Category: Book Reviews

Book Review: The Lies of Locke Lamora

127455 After my vacation in Florida towards the end of May, where I tore through a ton of books rather rapidly, I found myself lacking in the books-to-read department.  I’d finished the last of the new books that came out earlier this spring, I’d read through a couple of my favorites by Stephen King, and even read through the first book in the Mercy Thompson series – and couldn’t think of any other books I had been interested in reading.  So I took to Goodreads, and looked for suggestions based on the books I’d read (that I’d actually entered into Goodreads, anyway.)  And as I was poking through the suggested books, The Lies of Locke Lamora by Scott Lynch popped up.  I’d heard it mentioned around the internet as a good book to read, and so I figured, what the heck, I’ll go to Amazon and buy it.

And then I saw this review on Amazon, and absolutely knew I’d enjoy it.

“Right now, in the full flush of a second reading, I think The Lies of Locke Lamora is probably in my top ten favorite books ever. Maybe my top five. If you haven’t read it, you should. If you have read it, you should probably read it again.”—Patrick Rothfuss, New York Times bestselling author of The Name of the Wind

If Pat Rothfuss, whose books I absolutely adore, says the book is good, then by gods, I should probably read it, right?  So I picked it up.  And I couldn’t put it down.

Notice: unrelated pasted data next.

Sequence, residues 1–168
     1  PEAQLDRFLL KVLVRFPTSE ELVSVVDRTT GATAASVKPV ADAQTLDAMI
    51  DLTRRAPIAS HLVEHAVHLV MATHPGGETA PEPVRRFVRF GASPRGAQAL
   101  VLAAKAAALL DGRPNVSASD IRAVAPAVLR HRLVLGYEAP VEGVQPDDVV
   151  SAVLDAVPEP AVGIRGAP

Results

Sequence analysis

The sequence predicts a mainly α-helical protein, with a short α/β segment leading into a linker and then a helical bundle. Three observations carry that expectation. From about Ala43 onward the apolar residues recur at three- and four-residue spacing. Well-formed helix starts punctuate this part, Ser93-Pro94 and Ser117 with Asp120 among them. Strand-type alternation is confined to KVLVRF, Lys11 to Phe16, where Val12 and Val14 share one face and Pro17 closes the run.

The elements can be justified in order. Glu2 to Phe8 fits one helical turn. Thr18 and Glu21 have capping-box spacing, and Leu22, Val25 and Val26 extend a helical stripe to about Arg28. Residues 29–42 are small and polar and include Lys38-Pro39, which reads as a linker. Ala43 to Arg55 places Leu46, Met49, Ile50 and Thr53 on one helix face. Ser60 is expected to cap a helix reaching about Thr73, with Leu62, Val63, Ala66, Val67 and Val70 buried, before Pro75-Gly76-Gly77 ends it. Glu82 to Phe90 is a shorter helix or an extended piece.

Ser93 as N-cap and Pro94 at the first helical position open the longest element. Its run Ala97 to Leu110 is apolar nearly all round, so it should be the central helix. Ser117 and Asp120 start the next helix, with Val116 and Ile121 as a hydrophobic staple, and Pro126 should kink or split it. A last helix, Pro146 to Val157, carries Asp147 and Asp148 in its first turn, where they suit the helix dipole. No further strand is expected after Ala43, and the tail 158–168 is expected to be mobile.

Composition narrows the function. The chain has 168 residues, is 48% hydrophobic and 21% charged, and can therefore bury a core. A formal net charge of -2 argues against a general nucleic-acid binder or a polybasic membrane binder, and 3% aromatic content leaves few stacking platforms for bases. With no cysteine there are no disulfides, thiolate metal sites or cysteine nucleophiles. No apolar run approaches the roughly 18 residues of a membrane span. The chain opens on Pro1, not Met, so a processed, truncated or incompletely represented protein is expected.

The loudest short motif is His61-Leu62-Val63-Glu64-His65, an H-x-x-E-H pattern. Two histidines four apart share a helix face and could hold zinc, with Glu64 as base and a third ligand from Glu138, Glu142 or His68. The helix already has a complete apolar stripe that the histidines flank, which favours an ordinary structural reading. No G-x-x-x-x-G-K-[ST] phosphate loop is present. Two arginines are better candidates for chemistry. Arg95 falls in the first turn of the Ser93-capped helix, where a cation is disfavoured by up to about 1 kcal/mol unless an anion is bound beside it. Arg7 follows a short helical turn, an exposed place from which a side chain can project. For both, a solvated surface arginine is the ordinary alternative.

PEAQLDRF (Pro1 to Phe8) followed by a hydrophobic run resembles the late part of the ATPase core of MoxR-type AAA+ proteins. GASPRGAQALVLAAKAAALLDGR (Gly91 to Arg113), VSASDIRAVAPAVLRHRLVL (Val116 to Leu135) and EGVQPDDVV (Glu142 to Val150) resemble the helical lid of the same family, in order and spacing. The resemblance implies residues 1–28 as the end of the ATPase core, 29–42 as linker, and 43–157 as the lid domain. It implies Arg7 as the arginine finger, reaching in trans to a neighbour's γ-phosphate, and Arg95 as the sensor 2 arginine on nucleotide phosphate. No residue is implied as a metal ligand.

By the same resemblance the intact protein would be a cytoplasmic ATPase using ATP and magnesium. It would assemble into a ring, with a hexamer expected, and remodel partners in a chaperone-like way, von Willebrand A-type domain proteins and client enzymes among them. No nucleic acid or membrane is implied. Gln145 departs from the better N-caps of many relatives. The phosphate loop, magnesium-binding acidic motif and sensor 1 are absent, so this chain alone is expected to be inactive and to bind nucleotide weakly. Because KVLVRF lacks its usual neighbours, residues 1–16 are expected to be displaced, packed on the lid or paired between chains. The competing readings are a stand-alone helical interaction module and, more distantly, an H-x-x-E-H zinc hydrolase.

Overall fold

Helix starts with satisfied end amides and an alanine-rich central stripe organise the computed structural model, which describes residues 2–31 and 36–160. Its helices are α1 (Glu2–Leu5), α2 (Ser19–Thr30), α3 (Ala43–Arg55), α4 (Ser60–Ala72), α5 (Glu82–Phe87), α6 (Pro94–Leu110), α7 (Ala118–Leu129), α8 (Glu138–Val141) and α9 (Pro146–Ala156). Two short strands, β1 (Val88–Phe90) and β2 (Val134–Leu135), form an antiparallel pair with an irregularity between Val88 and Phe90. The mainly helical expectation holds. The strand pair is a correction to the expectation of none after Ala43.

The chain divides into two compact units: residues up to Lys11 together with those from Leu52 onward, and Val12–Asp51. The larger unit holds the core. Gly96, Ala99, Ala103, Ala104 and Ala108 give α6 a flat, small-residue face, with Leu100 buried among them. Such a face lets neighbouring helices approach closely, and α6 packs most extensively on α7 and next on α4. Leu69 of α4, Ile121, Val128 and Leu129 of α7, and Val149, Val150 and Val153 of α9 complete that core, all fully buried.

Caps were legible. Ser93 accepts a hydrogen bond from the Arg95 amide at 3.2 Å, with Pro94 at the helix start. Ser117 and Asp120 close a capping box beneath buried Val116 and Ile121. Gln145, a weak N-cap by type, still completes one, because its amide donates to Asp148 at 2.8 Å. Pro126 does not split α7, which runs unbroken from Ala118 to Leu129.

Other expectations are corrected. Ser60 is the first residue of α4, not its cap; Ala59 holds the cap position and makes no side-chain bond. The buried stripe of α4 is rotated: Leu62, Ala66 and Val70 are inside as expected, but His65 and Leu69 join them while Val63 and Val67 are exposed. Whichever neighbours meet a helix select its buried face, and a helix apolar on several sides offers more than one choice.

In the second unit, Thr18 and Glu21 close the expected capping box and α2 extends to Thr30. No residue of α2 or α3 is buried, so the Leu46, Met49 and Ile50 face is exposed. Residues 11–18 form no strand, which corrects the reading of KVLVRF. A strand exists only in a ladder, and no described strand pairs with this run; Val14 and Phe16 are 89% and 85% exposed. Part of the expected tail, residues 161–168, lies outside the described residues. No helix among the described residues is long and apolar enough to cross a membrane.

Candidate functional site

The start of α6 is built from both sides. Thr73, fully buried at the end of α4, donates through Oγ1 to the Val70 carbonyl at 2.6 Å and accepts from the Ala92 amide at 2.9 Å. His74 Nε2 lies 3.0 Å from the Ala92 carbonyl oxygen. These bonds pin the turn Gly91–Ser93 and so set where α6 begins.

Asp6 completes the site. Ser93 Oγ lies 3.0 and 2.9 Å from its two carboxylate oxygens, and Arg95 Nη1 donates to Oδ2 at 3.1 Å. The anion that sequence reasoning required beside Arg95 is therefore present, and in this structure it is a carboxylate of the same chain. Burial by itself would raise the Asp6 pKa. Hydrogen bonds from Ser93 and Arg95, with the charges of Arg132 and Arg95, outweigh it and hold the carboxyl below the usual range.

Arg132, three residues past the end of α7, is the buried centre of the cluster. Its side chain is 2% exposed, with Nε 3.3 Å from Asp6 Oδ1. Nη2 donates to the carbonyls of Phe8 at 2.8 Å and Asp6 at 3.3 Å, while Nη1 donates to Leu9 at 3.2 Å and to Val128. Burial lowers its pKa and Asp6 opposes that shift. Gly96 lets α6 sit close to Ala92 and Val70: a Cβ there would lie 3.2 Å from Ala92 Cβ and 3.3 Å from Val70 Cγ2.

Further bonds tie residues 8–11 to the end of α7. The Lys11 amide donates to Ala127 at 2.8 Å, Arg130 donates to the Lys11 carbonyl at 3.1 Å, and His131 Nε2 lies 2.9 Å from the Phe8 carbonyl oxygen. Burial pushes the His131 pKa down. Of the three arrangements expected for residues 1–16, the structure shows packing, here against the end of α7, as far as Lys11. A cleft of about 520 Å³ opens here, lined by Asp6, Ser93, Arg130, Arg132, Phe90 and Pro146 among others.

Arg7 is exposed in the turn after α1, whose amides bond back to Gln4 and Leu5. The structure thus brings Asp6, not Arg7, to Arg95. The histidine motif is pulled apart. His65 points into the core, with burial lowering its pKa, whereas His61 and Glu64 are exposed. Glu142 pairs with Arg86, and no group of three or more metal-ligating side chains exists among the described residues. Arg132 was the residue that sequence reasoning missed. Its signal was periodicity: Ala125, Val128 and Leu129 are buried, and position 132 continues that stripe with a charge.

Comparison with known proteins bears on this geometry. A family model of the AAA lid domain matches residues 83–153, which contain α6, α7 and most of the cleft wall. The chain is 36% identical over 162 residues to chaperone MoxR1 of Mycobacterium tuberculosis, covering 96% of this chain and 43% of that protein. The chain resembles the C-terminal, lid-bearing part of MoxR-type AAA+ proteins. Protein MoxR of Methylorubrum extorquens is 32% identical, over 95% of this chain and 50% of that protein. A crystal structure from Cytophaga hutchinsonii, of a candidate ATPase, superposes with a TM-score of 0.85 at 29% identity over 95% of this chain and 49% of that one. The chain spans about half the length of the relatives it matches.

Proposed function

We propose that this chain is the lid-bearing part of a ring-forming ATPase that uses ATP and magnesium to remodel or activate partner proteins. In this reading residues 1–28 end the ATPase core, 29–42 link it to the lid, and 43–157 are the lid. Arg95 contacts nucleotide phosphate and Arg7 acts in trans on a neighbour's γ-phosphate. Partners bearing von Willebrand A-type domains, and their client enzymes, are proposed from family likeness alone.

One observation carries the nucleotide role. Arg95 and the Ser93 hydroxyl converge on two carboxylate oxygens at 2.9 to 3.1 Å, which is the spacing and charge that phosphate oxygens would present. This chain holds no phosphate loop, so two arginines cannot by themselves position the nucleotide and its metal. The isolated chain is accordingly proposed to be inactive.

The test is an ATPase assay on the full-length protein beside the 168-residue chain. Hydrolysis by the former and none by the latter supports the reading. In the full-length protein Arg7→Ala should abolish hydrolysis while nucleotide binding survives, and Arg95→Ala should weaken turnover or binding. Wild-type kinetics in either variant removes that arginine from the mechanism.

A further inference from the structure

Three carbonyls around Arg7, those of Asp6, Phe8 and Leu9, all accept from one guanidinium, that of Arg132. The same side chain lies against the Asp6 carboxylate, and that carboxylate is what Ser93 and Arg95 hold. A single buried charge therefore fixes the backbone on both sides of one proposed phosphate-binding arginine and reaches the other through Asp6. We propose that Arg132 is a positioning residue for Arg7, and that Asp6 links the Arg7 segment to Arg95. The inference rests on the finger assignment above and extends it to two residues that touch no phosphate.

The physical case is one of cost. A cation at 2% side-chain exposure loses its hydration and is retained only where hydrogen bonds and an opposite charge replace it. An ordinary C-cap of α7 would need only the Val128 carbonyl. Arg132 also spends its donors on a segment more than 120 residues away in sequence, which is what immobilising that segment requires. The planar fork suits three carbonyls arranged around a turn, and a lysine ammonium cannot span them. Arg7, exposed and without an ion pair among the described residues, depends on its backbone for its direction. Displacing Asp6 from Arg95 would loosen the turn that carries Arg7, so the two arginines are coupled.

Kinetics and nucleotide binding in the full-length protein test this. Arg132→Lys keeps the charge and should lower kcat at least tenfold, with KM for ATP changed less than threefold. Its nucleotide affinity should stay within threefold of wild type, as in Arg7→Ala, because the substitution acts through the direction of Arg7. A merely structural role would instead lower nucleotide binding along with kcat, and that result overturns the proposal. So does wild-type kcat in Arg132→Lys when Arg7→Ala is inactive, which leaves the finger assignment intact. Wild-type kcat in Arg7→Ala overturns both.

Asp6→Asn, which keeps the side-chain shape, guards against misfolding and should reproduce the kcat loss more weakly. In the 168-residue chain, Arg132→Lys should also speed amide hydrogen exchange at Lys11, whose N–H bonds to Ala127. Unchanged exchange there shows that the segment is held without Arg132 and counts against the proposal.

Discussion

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Book Review: The Hunger Games

Hunger_gamesYes, I admit, I hadn’t read The Hunger Games trilogy until, well, this past week.  I finished The Stand sometime on Thursday night, and needed something to read that wasn’t Stephen King… so I poked around on Amazon until I saw The Hunger Games, and realized that while I’d seen the movie, I hadn’t read the books yet.  And usually I’m the type to read the book WAY before the movie comes out!  (With the exception of Twilight.  I only read the books after the first movie came out because I wanted to see what all the fuss was about.  I’ll hold back on my opinions on the Twilight series, haha.)  I was in the mood for something new to read, and I really did enjoy the movie version of The Hunger Games, so I sat down and read it.  And blew through it in a day and a half, and ended up signing up for Amazon Kindle Unlimited when I realized it would cost less than buying Catching Fire and Mockingjay combined!  (And once I’ve got some more experience with that, I’ll likely be reviewing that too!)  And then blew through most of Catching Fire.  And then I realized – hey, I should write about these books.  They’re good.  So, here’s part one of my review of the Hunger Games trilogy!  There will be spoilers.  You have been warned.